26 JANUARY 1878, Page 14



TUE Winter Exhibition of "Old Masters" at Burlington House. is this year of mediocre merit. There are good pictures, one or two very good, but not such as we have been accustomed to see at this time and in this place, nor does the collection as a whole- present any very special features. The pictures are, as racing men would say, "rather a scratch lot," and the collection has had to be eked out with three hundred engravings from portraits by Reynolds, Gainsborough, and Romney. We will take the rooms in order, confining our remarks in this notice to the pictures of the English, Flemish, and Dutch schools, and leavIng the Italian pictures and engravings to our second notice.

There is one feature of this exhibition which should be briefly noticed, as it is an unusual one at the Royal Academy, and Oat is the preponderance of English landscapes over portrait-paintiag. The exhibitions of former years have relied for their main attrue- tion upon portraits by the Reynolds and Gainsborough group.9f artists, but now, owing, we suppose, to the stock being sown- what exhausted, there are comparatively few works by these

masters, and their place is supplied by Cotman, Old Crome, Vincent, &c. In the first room indeed there is not a single por- trait, and the works are nearly all those of the men we have men- tioned, Crome having far the greatest number of contributions.. Many people, we fancy, are accustomed to think of Old Crome as a sort of "oil-colour Girtin," standing in much the same relation to landscape art in oils as the latter did to landscape in water-colours. To those, and indeed to most of us, this exhibition will be a pleasant surprise, for it is difficult to imagine anything more simply beautiful than are many of Crome's works here exhibited. Old-fashioned they certainly are, with none of the modern introspection and self-consciousness which our art shows so many signs of, and occasionally, perhaps generally, too sombre of tint to be quite true to the fairer and brighter aspects of country life, but never- theless there is about them a gentle peace and power which can hardly fail to impress any thoughtful mind. It is the work of a man doing what he knows honestly, as far as it lies in his power, and loving his work and his subject ; and if any of our readers- should be disposed to think that this painting of well-known, and well-loved scenes is not an essential in Crome's best work, we would beg them to look at his French pictures here, and especially at No. 18, "Boulevard des Italiens, Paris, 1814," and compare the last with No. 32, "The Shepherd's Cottage." The difference is something marvellous, in point of feeling, between the two, works. The former has all the materials for an important picture, worked up with the best of Crome's skill, and the latter is hardly a subject at all,—only a very common-place old cottage right in the foreground, and a bit of ordinary English meadow and wood for background. But nevertheless, the last, with all its grey sky and dull colouring, is a picture which appeals to us strongly, through its own strong, though unconscious feeling ; the former, but a clever reproduction of a scene the artist cared and knew nothing about.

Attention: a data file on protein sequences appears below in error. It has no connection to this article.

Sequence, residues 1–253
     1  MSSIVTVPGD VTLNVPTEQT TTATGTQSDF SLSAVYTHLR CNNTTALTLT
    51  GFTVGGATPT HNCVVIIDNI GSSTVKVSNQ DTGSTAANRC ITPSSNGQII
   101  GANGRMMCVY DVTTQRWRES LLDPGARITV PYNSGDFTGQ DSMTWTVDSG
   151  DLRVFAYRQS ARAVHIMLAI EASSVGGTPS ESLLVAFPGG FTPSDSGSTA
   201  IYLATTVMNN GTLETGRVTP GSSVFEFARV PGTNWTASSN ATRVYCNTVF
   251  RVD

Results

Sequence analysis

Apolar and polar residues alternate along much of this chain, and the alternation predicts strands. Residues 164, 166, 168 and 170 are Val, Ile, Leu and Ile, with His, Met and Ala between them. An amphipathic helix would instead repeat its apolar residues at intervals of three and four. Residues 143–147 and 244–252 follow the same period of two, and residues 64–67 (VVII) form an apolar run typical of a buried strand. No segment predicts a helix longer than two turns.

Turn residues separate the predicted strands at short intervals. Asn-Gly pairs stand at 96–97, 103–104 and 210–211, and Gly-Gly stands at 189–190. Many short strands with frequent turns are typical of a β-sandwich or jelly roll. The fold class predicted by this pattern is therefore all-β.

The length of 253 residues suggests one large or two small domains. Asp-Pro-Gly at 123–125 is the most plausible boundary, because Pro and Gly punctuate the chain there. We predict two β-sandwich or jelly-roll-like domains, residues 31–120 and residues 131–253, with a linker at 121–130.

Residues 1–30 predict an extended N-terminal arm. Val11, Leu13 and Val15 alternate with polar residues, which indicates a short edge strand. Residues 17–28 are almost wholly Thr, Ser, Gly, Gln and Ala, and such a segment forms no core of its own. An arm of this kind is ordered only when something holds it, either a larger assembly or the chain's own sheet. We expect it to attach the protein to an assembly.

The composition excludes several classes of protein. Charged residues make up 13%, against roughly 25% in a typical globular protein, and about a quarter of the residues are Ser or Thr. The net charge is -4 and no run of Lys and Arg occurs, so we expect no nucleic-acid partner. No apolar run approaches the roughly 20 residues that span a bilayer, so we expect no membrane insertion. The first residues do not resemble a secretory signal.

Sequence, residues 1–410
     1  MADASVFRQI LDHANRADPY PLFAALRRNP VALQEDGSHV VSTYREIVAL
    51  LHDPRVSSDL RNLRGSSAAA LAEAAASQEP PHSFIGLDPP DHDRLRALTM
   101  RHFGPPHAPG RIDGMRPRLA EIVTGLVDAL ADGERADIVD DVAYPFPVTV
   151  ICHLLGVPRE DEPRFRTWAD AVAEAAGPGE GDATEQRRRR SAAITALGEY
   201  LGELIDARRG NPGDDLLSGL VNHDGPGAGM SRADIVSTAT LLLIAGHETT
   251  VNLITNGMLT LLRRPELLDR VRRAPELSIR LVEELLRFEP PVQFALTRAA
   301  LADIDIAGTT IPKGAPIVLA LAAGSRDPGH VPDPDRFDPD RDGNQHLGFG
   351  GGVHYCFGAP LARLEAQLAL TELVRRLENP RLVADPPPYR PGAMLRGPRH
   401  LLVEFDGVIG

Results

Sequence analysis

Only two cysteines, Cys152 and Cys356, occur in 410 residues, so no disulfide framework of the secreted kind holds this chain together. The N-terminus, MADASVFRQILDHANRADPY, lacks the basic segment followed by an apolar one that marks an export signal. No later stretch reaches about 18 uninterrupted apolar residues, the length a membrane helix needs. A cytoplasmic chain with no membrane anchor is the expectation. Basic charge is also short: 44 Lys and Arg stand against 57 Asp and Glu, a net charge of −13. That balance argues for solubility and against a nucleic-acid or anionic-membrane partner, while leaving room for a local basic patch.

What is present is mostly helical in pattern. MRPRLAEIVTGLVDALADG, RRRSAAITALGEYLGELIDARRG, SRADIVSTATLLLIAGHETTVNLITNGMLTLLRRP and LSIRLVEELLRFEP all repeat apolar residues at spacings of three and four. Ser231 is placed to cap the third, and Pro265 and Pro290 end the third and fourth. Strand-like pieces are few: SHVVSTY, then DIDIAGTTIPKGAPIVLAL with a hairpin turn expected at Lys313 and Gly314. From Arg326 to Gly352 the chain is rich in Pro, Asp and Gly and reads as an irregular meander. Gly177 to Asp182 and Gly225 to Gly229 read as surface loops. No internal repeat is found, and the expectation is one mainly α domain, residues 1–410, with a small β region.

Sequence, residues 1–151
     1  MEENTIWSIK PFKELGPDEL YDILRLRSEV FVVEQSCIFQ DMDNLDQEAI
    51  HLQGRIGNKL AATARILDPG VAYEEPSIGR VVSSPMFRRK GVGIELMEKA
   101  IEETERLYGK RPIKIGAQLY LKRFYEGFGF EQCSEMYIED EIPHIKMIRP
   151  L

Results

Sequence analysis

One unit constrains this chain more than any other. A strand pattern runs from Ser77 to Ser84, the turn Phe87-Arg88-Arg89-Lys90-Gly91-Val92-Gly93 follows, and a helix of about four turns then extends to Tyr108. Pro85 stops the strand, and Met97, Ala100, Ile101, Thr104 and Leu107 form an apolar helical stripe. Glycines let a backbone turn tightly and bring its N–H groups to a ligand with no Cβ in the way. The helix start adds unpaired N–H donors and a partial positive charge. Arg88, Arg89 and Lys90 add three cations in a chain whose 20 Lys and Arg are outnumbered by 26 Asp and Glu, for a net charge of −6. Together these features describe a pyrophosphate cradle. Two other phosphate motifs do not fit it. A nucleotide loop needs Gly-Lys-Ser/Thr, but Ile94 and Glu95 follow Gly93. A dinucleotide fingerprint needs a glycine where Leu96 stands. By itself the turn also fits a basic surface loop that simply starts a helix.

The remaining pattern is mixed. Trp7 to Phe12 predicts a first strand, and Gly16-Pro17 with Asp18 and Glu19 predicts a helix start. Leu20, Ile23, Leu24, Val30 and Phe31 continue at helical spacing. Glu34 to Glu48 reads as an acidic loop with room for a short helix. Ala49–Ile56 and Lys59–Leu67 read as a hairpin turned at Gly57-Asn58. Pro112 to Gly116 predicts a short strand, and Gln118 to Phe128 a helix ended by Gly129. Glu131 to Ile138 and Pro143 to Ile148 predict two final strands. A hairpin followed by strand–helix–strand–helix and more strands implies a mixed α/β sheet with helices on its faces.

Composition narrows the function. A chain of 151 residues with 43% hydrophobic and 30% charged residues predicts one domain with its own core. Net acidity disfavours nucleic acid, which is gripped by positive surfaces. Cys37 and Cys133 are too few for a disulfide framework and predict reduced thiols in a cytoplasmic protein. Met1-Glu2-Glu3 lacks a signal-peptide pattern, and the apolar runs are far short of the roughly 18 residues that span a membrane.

It would be an invidious task to compare these Cromes with Turner's—like blaming an old cart-horse for not being a racer— but we may say boldly that with the exception of Turner, and perhaps, in his best moods, David Cox, no one has represented rural England with anything like the fidelity and feeling of John Crome. His finest works here are, we think, Nos. 39, 44, 48, of which the first is the beat of all, a marshy road across a com- mon hedged by some pollard willows, with a grey sky and two distant figures. No. 44 is "A Yarmouth Water-frolic," the mouth of the harbour on a dead calm day, towards sunset, with numbers of vessels crowded with people, heavy sails drooping, and strong reflections in the still water. If we are not mistaken, this is the sketch for the larger picture of the same subject which was exhibited some years since.